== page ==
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Neurourol Urodyn. 1998;17(5):467-72.

Nocturia in adults: etiology and classification.

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1
New York Hospital/Cornell Medical Center, New York, USA. urojock@aol.com

Abstract

Nocturia is one of the most bothersome of all urologic symptoms, yet even a rudimentary classification does not exist. We herein propose a classification system of nocturia based on a retrospective study. The records of 200 consecutive patients with nocturia were reviewed. Evaluation included history, micturition diary (including day, night, and 24-hr voided volume), postvoid residual urine (PVR), and videourodynamic study (VUDS). Functional bladder capacity (FBC) was determined to be the largest voided volume in a 24-hr period. The etiology of nocturia was thus classified into one of three groups: nocturnal polyuria ([NP] in which voided urine volume during the hours of sleep exceeds 35% of the 24-hr output), nocturnal detrusor overactivity ([NDO] defined as nocturia attributable to diminished bladder capacity during the hours of sleep), and mixed (NP+NDO); polyuria (24-hr urine output >2,500 cc) was classified separately. There were 129 women and 65 men ranging in age from 17 to 94 years (x=59). Overall 13 (7%) had NP, 111 (57%) NDO, and 70 (36%) had a mixed etiology of their nocturia (both NP and NDO). Forty-five (23%) also had polyuria. These data confirm that the etiology of nocturia is multifactorial and in many instances unrelated to the underlying urologic condition. Nocturnal overproduction of urine is a significant component of nocturia in 43% of patients, most of whom will also have NDO. We believe that treatment should be directed at both conditions.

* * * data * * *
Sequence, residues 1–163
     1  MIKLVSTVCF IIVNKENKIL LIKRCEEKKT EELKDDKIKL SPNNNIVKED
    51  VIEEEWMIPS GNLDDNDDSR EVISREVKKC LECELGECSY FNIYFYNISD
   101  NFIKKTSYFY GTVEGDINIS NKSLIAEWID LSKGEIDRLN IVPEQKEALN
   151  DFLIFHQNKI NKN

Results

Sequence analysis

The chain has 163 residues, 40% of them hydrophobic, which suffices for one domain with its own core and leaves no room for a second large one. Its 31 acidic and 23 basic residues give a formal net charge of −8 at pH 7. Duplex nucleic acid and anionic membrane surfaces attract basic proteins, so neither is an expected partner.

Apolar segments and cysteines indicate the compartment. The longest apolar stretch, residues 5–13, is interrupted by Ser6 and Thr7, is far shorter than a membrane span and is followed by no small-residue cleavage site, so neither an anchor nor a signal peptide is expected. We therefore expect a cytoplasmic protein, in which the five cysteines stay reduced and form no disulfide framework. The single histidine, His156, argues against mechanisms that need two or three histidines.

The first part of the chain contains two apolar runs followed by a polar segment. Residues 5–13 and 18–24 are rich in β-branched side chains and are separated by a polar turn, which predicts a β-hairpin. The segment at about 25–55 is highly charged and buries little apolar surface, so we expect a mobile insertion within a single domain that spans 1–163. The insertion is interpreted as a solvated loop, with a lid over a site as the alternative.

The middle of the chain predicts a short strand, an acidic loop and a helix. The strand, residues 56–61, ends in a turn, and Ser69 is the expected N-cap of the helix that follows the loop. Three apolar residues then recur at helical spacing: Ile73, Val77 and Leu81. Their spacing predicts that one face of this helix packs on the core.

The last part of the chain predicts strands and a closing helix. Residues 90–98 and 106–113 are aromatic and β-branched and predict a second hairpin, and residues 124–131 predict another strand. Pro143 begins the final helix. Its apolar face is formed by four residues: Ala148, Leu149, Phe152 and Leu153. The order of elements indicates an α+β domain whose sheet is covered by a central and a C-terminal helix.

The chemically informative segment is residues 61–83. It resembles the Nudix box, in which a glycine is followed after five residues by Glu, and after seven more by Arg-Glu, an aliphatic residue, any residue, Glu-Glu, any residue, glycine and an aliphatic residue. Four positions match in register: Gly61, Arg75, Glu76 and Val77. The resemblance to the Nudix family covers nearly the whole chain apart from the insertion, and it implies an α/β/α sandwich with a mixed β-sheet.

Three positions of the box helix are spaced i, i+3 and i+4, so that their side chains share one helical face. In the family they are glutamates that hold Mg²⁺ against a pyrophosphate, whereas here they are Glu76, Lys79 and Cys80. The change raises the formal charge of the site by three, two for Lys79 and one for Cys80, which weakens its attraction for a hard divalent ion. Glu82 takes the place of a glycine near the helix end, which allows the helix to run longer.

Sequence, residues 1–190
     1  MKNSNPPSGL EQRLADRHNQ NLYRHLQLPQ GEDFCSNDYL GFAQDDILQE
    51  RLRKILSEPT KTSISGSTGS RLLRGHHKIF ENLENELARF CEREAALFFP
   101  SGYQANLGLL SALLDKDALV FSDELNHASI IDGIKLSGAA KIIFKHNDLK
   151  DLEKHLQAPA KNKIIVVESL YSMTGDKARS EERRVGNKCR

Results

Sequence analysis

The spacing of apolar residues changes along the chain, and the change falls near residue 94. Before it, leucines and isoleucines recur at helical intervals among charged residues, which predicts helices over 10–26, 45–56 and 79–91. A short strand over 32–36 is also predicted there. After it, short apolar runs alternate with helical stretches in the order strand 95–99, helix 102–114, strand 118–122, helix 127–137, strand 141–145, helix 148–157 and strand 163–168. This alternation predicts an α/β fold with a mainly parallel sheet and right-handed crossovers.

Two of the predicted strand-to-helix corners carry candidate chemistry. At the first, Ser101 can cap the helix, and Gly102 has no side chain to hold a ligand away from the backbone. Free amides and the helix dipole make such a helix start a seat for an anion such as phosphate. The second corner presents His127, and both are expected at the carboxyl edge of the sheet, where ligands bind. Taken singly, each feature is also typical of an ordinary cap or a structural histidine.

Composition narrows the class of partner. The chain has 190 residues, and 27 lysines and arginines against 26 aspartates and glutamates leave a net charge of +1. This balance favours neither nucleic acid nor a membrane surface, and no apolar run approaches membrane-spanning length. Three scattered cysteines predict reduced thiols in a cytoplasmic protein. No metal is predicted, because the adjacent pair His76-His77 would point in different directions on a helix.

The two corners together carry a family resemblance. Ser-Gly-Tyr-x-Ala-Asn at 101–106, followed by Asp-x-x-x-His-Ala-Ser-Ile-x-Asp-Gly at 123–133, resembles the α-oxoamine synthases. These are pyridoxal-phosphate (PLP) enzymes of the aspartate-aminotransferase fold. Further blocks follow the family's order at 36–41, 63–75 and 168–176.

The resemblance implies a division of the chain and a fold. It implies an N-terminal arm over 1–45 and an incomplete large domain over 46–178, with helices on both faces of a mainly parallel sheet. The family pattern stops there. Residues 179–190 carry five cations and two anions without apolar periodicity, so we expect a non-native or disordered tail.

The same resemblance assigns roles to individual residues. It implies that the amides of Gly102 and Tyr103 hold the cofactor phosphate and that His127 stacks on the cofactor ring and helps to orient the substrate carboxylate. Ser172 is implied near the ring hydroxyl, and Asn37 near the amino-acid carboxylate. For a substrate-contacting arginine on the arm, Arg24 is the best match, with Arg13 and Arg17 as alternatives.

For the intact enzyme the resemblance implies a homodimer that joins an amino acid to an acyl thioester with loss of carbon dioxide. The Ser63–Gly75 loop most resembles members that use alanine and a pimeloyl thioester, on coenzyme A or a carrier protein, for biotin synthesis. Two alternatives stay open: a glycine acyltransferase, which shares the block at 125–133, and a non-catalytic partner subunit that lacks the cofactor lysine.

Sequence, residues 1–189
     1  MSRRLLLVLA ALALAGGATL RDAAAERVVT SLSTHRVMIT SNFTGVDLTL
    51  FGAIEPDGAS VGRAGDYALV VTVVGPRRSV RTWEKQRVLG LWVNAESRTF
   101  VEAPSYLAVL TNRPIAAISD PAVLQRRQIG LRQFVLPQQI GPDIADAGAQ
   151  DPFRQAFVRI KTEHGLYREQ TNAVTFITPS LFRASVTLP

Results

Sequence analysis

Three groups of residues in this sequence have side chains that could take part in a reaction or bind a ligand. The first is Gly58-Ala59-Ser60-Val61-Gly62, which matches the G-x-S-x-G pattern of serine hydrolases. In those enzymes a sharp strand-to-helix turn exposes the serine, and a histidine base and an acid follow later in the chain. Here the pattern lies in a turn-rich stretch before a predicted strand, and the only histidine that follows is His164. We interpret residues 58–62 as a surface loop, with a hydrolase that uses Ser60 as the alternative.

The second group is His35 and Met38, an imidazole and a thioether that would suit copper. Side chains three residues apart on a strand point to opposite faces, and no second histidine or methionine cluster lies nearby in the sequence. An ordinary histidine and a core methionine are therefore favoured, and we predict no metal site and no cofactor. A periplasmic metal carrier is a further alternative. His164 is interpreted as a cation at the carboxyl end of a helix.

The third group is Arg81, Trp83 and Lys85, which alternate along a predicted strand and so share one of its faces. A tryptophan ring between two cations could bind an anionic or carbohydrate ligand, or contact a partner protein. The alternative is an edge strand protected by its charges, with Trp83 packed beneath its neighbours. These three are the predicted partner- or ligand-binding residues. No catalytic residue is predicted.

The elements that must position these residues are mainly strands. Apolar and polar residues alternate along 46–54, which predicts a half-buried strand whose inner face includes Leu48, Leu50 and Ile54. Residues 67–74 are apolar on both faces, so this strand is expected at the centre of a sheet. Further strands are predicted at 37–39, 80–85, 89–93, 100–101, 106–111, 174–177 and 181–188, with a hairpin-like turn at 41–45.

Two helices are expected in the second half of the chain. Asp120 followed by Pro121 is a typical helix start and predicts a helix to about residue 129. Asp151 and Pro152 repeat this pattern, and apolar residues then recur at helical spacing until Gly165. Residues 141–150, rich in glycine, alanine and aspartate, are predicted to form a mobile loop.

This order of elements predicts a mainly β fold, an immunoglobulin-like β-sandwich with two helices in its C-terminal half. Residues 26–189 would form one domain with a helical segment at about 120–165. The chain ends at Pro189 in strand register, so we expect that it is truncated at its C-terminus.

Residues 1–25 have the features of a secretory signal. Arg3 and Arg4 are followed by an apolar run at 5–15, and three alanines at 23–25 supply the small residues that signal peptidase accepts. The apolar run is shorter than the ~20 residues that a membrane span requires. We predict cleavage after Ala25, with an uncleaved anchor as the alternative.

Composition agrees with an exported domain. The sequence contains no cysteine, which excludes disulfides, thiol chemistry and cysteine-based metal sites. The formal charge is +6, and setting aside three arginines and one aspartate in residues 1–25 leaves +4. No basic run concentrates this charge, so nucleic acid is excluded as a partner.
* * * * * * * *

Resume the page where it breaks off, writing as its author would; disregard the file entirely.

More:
PMID:
9776009
[Indexed for MEDLINE]
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